4. “All [the intelligence] I have,” Braddock wrote Napier from Fort Cumberland on 8 June 1755, “is from Indians, whose veracity is no more to be depended upon [than] that of the Borderers here; their Accounts are that the Number of French at the Fort [Duquesne] at present is but small, but pretend to expect a great Reinforcement; this I do not entirely credit, as I am very well persuaded they will want their Forces to the Northward” (Pargellis, Military Affairs in North America description begins Stanley Pargellis, ed. Military Affairs in North America, 1748–1765: Selected Documents from the Cumberland Papers in Windsor Castle. 1936. Reprint. Hamden, Conn., 1969. description ends , 85, 92). Braddock’s informants, however, were essentially correct. By May considerable reinforcements of both French and Indians were moving toward Fort Duquesne to strengthen the small garrison there. See GW to William Fairfax, John Carlyle, and John Augustine Washington, 7 June 1755. For the northern attacks that Braddock expected to divert the French, see GW to John Carlyle, 14 May 1755, n.5.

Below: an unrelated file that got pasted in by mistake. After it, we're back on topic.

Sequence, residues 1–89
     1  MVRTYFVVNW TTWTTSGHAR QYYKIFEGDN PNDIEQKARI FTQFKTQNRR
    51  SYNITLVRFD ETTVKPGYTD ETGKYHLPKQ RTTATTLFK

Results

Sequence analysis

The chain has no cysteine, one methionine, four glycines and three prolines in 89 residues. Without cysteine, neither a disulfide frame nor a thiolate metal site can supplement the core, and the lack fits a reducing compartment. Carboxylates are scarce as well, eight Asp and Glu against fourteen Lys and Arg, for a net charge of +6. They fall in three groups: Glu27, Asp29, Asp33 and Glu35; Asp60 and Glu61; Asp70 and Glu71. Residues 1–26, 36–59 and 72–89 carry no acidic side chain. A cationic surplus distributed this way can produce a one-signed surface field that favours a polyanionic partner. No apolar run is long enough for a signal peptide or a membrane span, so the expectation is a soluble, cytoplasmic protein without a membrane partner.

5. Augustine’s wife was Anne Aylett Washington (d. 1773).
6. Fort Cumberland, situated on a ridge overlooking the confluence of Wills Creek and the Potomac River, had been built the previous fall and winter by the independent companies and Maryland provincials stationed there. Named in honor of William Augustus, duke of Cumberland, the king’s son and captain general of the British army, the fort was intended to serve as a depot for military stores of all kinds and a defense against incursions by enemy parties. It fulfilled neither purpose in the opinion of Braddock’s quartermaster, Sir John St. Clair, who inspected the place in Jan. 1755. “I cannot learn what cou’d induce People ever to think of making a fort or Deposite for Provisions at Wills’s Creek,” St. Clair wrote Braddock on 9 Feb. 1755. “It covers no Country, nor has it the Communication open behind it either by Land or Water” (Pargellis, Military Affairs in North America description begins Stanley Pargellis, ed. Military Affairs in North America, 1748–1765: Selected Documents from the Cumberland Papers in Windsor Castle. 1936. Reprint. Hamden, Conn., 1969. description ends , 61–64). The ridge on which the fort stood was nearly surrounded by higher terrain, a circumstance favorable to attackers. Its distance from the main settlements, compounded by the want of good roads and the fact that the upper Potomac was not navigable, posed serious logistical problems, as Braddock discovered. Nevertheless, Braddock had been instructed privately in England to march from Wills Creek, and no better alternative was now immediately available.